“The Class of 2014 will always hold a special place in my heart because I was appointed Chairman the same year you entered Fredonia as freshmen,” he said. “During the past four years, I have met and developed relationships with many of you, and I have found myself in awe of your creativity and vibrancy. As you continue to learn and change, reflect on the times here when you stumbled, and even failed. Recall how your caring mentors pushed you in the right direction. Go out, work hard and change the world for the better.”

President Horvath addresses nearly 700 graduates and their family and friends in a packed Steele Hall Fieldhouse during the morning ceremony. Over 700 more graduates took part in the afternoon ceremony as well.

Among the other highlights was Carl. H. Lam of Hamburg, N.Y., who received the Lanford Presidential Prize from the Oscar and Esther Lanford Endowment of the Fredonia College Foundation during the morning ceremony. Mr. Lam graduated summa cum laude and was awarded Bachelor of Science and Bachelor of Arts degrees, having completed an impressive triple major in Communication-Journalism, Communication-Audio/Radio Production, and Applied Music.

The National Anthem was performed at both ceremonies by Gabrielle A. Mason, of Scotia, N.Y., who received a Bachelor of Music degree in Musical Education, summa cum laude. Student performance groups included the Fredonia Wind Ensemble (a.m.) and Fredonia Wind Symphony (p.m.), under the direction of Dr. Paula Holcomb. In addition, the Fredonia Chamber Choir, under the direction of Dr. Gerald Gray, performed, “Share the Stars (Ignorant Before the Heavens of My Life),” a work composed by School of Music Director Karl Boelter.

Faculty/Staff Marshals for the morning ceremony were Ms. Elizabeth Lee of the Department of Visual Arts and News Media, recipient of the campus’ inaugural Marion Fellowship; and Dr. Harry Jacobson of the School of Music, who will be retiring this year. Director Emeritus of Sponsored Programs and Research Maggie Bryan-Peterson and Dr. Michael P. Wilson of the Department of Geosciences, who recently retired from full-time teaching, served as afternoon Faculty/Staff Marshals.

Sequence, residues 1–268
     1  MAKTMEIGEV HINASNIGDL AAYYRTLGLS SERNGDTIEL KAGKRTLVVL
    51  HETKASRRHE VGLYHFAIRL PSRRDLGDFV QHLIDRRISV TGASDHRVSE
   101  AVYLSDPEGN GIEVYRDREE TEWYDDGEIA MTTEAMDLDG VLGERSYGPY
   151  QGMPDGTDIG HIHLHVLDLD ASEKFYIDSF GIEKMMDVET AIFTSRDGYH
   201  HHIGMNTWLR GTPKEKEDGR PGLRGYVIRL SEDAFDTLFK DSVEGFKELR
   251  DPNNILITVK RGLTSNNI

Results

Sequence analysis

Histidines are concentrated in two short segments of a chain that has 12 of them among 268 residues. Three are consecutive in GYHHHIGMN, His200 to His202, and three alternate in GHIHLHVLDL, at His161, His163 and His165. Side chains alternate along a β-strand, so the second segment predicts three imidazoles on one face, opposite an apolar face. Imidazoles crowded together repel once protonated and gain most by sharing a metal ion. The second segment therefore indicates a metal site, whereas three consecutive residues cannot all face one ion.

Student Marshals are selected for their academic performance and service to campus and were recognized by President Horvath during the ceremonies. Morning ceremony marshals were Ha Na Choi of Gongfu-Si, Korea; Sylvana Dussan of Oneonta, Alyssa A. Menard of Rouses Point, Kirsten Vine of Corning, Robert Webster of Akron, N.Y., and Holly Wojtowicz of Kill Buck. Also recognized during the morning were this year’s recipients of the SUNY Chancellor’s Award for Student Excellence, including Mr. Lam, Laura Hirst of Watertown and Samantha Jemiolo of Orchard Park. The afternoon marshals were Jeremy Eddy of Ashville, Megan Favale of New Hyde Park, Annie Holcomb of Canandaigua, Ryan McConnell of Rochester, N.Y.; Jennifer M. Smith of Pen Argyl, Pa., and SUNY Chancellor’s Award for Student Excellence recipient Cory Jackson of Schenectady.

The Mace Bearer for both ceremonies was Dr. Marwan Elnasser of the Department of Economics in the School of Business, representing the campus’ most senior faculty member in terms of years of service.